Instructure Canvas Raises $8 million and Plans to Expand

Management system software maker for the educational sector, Instructure Canvas, has raised $8 million from venture capitalists in an attempt to scale up its operations and widen its customer base.

The Utah-based startup said its investors included OpenView Venture PartnersEPIC Ventures, TomorrowVentures, and Tim Draper of Draper Fisher Jurveston.

Founded in 2008 by two computer science graduate students, Instructure develops learning management software that helps teachers manage interactions with students through a variety of ways including distributing assignments as well as grading students’ work.

Today, the company appears to targeting its giant rival, Blackboard (NewsAlert). The company is currently servicing more than 30 educational institutions, the majority of which are those who have switched from Blackboard to Canvas.

“The investment will be used to scale the company’s operations and to keep up with market demand,” said Josh Coates, CEO of Instructure.

Coates, who was a teacher at Brigham Young University, previously worked for many companies including search-technology pioneer Inktomi, Scale Eight and most recently the online storage provider Mozy, which was purchased by EMC (NewsAlert) for $76 million.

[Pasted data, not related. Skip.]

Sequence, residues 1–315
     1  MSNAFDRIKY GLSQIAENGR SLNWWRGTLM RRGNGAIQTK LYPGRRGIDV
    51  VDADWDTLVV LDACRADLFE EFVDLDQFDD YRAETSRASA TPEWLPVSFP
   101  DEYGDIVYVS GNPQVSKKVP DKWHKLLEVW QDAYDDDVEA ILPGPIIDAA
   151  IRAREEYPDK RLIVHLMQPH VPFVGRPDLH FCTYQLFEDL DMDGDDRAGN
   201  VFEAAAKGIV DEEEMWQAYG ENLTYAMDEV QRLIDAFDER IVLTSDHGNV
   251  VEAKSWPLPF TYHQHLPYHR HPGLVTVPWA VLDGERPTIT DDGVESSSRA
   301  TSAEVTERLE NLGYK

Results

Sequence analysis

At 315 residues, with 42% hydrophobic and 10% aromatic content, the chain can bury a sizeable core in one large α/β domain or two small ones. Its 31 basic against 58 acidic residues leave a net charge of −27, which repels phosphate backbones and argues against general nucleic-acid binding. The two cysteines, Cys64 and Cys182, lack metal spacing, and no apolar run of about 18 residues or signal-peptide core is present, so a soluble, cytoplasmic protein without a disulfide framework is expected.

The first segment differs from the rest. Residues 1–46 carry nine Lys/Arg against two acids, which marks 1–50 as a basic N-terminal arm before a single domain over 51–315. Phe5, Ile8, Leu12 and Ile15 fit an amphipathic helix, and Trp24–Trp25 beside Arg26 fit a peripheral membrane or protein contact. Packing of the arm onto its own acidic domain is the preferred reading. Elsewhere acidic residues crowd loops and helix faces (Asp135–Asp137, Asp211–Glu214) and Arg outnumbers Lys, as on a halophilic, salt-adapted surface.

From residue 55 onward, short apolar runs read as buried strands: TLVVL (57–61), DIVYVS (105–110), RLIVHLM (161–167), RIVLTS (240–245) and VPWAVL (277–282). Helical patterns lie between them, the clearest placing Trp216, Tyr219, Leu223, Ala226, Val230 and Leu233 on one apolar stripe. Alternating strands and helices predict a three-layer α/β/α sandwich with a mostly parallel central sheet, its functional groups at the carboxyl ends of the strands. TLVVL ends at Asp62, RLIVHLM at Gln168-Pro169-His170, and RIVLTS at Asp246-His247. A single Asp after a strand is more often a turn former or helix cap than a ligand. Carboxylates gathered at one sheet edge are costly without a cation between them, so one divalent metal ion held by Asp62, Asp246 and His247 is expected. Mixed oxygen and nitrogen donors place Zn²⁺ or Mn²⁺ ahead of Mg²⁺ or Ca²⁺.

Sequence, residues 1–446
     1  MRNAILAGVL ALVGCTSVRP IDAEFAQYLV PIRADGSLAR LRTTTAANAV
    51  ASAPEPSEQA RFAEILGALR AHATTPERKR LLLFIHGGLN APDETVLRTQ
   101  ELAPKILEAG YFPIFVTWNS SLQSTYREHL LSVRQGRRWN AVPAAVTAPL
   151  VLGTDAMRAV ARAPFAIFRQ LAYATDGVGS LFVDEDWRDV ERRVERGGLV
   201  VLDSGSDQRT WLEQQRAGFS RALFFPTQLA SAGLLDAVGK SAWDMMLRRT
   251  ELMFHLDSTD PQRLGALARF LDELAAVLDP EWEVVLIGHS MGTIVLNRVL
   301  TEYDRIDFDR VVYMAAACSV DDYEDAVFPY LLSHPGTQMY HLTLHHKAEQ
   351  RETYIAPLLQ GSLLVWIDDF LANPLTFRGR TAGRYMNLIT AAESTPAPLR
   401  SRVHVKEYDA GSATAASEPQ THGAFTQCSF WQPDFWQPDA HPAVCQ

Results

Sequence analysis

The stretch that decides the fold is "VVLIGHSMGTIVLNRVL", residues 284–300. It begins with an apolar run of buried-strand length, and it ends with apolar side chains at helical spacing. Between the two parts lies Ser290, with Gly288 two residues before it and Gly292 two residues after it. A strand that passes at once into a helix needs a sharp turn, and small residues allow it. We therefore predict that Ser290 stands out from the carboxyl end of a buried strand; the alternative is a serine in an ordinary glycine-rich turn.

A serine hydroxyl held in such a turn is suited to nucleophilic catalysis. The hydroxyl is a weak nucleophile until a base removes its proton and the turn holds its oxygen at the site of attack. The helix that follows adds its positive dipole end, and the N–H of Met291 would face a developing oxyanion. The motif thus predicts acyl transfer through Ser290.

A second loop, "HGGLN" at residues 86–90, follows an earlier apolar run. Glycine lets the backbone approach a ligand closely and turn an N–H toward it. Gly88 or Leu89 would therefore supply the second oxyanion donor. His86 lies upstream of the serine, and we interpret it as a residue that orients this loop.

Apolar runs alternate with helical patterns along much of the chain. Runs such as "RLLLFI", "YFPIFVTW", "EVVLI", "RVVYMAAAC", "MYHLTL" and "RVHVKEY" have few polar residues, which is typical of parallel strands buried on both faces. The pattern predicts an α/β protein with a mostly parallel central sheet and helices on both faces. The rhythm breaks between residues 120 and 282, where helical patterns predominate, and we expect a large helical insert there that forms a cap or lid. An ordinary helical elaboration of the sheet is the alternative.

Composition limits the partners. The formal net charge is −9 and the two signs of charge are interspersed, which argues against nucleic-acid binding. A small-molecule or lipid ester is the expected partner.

On February 1, Instructure announced the availability of Canvas as open source.  Since then, thousands of schools districts and universities have begun evaluating Canvas and turning to Instructure to transition their existing LMS solutions.

“We were compelled by Josh and his team’s vision of delivering outstanding user experiences to those in the education market,” said Firas Raouf of OpenView Venture Partners. “The LMS market is long overdue for a new learning platform built on the latest Web-based technologies.”

Canvas streamlines standard LMS features like the integrated gradebook, assessment tools, discussions, multiple assignment submission types, rubrics and Web chat. Its grading tools, including SpeedGrader for the iPad, reduce the amount of time educators spend grading assignments.

Canvas leverages the leading edge of Web technologies by embracing features such as drag-and-drop file uploads, HTML5 video and automatic speech-to-text conversion. It also integrates with popular Web 2.0 tools and social media platforms like Google Docs and Facebook (NewsAlert).

When a teacher changes the date of a quiz, for example, students automatically receive text messages on their cell phones, messages on Facebook or conventional emails, according to the company.